Keeping a Food Sample for display with Price Tags

One of the come-ons or strategies that food sellers may consider is to provide samples or FOOD MODELS (shokuhin sampuru) or fake foods or replicas of food items made from plastic, wax, and resin that are also popular in Japan. For hygiene purposes, sellers may consider not keeping the food open (as it will also affect the quality and taste). If replicas are not available, keeping actual sample sets in containers will give buyers an idea of the dishes available for sale. By doing so, it will also keep the store nice and tidy, allowing other marketing paraphernalia like a pricelist, product posters, and other decors for aesthetic purposes.

With others, like how we usually see it in the streets of Japan, we can see bento boxes already packed and arranged in stacks and ready to go for all buyers.

Price tags make selling easier. Having repetitive questions like – “how much?” is a factor of lack of information. Providing these on your displays will attract interested customers, even those who are too shy to inquire. For food that is unusual, putting a tag or name will also be helpful, informative, and attractive.

Setting up the stall

Depending on what is given by the organizers, booth designs may vary in size and content. Some can go from very simple, clean and straightforward, to elaborate and heavily decorated booths.

Other design considerations for the stall depend on the things mentioned earlier: the nature of the event, and the products to be sold. Limited spaces will allow you to focus on arranging your products properly, but big spaces will even give you the opportunity to add decors or even bring in your own kiosk or cart.

Creative marketers can also take advantage of high traffic to distribute flyers for product awareness and future purchases, offer special promotions like raffle for special discounts, or even FLASH DEALS (discounted items at a specific time of the day or giving special discounts for remaining items before you close – to avoid spoilage and to make sure all items are sold, esp food that you can’t sell again the next day).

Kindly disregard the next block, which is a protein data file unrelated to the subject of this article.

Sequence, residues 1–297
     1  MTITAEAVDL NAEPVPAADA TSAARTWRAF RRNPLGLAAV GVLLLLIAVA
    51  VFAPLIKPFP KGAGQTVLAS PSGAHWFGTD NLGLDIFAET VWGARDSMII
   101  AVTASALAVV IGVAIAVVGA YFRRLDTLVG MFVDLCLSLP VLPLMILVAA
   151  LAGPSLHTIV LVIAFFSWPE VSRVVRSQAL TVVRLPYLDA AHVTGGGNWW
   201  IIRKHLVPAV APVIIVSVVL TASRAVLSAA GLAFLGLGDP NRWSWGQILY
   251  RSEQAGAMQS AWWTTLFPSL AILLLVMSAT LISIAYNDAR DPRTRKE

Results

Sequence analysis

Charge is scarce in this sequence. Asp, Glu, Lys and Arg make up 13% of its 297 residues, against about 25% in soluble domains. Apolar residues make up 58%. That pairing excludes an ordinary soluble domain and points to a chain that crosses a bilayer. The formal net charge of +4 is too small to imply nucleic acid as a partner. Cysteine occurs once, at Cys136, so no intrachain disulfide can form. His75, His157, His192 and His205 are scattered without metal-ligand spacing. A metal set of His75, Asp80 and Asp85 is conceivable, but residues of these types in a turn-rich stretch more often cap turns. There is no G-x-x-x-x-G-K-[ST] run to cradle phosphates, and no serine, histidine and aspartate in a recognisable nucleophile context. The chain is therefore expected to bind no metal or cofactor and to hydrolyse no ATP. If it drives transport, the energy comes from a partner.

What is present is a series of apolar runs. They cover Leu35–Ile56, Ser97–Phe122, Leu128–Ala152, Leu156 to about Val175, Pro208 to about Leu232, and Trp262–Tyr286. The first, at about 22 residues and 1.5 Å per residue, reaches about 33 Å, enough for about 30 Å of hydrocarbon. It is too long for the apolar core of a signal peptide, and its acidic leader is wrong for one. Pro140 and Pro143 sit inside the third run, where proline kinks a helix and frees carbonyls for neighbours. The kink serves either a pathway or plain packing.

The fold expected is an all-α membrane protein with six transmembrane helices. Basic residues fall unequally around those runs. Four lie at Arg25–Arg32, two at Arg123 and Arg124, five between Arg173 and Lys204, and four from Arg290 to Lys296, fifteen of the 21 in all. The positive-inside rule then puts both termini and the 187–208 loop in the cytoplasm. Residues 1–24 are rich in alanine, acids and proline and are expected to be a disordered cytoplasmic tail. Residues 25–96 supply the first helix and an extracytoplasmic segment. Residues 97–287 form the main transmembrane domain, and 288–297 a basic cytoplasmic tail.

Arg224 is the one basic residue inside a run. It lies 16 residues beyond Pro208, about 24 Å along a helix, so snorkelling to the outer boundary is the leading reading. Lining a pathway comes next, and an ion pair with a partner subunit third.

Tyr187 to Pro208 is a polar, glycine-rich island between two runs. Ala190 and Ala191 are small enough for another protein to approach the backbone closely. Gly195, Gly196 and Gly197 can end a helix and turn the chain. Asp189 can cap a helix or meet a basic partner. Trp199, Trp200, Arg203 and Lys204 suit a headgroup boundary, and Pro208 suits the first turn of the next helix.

Here’s one of our earlier blog posts for some design ideas: You can also browse online materials for more booth design suggestions.

Social Media Marketing

Bazaars are the perfect avenues to sell your product offline – not costly compared to renting a store, and they have a targeted audience with a high potential of making more sales and profit. However, selling offline doesn’t mean you’re going to leave your online presence. A seller who doesn’t believe in the power of social media is not ready to open his or her business to a wider audience.

Doing online promotion doesn’t only limit you to posting photos of your product but also by giving-out special promotions for those who saw the post and will visit your booth for purchase. You can also encourage online reservations and advance payment to secure limited products (ie. special offers for those who will buy during the bazaar – in the form of discounts or freebies).

For others, they use their bazaar presence to launch their new products to the market. Therefore, an early promotion on social media will be very helpful to drive interest and potential customers. Some try to introduce their products to new markets and eventually drive them to their physical store. As earlier mentioned, other seller’s purpose may also be to get new prospects for future purchases (this can be done by getting client details – especially in the case of non-food products).

Bazaars are great opportunities for sellers to offer their products, introduce new ones, test promotions, and even explore new markets. Have you learned something new? Do you have other ideas? Share it with us in the comment section to keep this knowledge-sharing activity more interactive.